Business

How “Transcreation” Can Expand Your Business To New Markets

In a global world, the possibilities to reach new markets and expand your business are endless. The first step for companies looking to speak to new audiences around the globe is to translate their ads to one or more languages.


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In a global world, the possibilities to reach new markets and expand your business are endless. The first step for companies looking to speak to new audiences around the globe is to translate their ads to one or more languages.

When people think about digitized translation, they probably picture the many online services that automatically change a word in one language to that word in the other. These switches happen quickly, in an automated system that does its best but often falls short and jumbles translations. 

 

In a digital age, when a company’s paid media ad is one of many, having an accurate, culturally relevant, and searchable translation is critical for their campaign’s effectiveness and their brand’s reputation.

 

For years, translators have used the term “transcreation” to describe a type of creative translation. The concept started in literature, moved to the gaming industry, and of course has made its way to marketing. 

 

Transcreation goes beyond the one-to-one model to bridge the language divide. It captures the original context, style, tone, essence of the message, and voice of the brand while carefully considering the nuances, figures of speech, and connotations of the new language.

 

Transcreation also considers how languages vary in different countries and cultures. This is even true when it comes to the same language.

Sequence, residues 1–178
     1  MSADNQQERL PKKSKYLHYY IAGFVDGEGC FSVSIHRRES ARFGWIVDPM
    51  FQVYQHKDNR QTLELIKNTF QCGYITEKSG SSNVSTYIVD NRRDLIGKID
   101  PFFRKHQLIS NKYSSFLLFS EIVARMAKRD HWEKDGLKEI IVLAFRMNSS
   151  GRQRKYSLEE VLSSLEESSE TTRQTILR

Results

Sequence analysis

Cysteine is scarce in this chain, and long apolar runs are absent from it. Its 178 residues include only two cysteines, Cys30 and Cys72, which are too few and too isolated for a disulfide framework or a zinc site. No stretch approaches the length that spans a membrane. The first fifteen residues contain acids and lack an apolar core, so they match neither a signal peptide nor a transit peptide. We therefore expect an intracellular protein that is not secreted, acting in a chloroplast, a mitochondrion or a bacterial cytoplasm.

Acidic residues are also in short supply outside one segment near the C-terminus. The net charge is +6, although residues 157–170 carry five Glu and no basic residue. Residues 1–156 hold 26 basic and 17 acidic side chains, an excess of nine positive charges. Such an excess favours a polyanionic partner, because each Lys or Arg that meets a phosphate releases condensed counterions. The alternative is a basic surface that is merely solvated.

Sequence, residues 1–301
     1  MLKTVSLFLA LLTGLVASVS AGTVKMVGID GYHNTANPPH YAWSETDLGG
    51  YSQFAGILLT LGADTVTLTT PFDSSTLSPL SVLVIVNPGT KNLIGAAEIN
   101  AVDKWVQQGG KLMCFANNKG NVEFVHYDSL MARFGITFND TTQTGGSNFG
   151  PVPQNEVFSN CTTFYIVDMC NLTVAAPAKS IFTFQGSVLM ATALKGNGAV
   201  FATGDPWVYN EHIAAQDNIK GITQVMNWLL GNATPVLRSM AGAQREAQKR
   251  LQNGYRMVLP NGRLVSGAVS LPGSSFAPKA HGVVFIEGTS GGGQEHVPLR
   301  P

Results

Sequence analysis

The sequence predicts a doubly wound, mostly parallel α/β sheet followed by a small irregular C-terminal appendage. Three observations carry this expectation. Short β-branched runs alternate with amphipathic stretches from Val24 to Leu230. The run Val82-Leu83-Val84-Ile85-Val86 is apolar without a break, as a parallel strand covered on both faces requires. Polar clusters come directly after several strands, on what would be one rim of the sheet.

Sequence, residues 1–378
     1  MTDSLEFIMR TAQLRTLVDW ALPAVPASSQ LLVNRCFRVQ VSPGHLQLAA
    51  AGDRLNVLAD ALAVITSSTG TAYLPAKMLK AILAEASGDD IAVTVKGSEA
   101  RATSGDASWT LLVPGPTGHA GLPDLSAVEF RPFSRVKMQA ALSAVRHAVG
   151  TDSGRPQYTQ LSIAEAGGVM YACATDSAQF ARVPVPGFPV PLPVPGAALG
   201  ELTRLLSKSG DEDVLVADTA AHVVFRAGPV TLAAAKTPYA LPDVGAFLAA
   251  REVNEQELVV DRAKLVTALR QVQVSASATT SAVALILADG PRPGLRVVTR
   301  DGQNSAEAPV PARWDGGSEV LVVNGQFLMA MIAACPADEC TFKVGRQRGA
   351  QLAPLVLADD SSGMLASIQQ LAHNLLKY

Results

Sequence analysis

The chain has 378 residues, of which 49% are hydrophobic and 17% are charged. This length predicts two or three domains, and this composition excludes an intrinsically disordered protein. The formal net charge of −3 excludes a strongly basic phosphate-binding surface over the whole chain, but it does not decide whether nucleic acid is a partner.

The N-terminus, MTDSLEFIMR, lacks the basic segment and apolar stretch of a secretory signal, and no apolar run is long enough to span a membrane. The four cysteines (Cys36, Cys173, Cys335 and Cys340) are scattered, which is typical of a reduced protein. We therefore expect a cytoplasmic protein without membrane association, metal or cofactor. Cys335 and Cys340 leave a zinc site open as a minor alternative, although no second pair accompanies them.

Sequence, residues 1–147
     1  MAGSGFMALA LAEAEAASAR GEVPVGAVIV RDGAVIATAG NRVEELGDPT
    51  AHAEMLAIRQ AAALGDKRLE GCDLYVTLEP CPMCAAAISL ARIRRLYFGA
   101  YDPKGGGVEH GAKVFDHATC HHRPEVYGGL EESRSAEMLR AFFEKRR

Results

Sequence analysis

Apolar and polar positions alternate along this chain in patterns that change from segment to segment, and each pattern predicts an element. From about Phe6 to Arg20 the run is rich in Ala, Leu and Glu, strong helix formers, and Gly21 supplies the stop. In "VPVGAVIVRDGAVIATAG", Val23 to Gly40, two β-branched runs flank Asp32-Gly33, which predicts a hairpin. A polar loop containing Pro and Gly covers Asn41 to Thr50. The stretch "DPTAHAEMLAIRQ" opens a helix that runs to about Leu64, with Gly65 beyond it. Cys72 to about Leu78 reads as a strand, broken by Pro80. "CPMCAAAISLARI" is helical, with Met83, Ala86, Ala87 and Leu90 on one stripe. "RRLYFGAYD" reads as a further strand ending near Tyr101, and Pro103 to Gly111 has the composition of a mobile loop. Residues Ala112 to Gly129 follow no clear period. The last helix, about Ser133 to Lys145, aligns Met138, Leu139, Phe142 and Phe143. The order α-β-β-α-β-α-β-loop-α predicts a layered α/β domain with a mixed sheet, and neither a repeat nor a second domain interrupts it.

After all, not all English-speaking countries use vocabulary in the same way. A “vacation” in the United States is a “holiday” in the United Kingdom. These differences matter. If a European travel agency were to advertise in the U.S. saying “Go on holiday at our hotels,” Americans would raise an eyebrow at the culturally odd grammar and wonder why anyone would spend Thanksgiving at a hotel. 

 

The same happens in any language spoken in different countries, including Spanish, for example, a market with 559 million speakers around the globe. A person from Argentina wanting to rent a car will search “alquilar un auto,” but in Mexico, you won’t have the same search volume with this phrase. Instead, they may use “rentar un coche,” and Colombians would use “arrendar un carro.” 

 

At our company, we know the importance of nuance. It’s why two former Google employees, Diego Antista and Juan Fusoni, came together to start GetGloby, a tool that transcreates ad campaigns in more than 100 languages. 

 

Our founders knew that for businesses to effectively expand to new markets, their campaigns have to stay relevant, meaningful, and consistent across cultures. GetGloby makes this possible at the touch of a button and in a matter of minutes.

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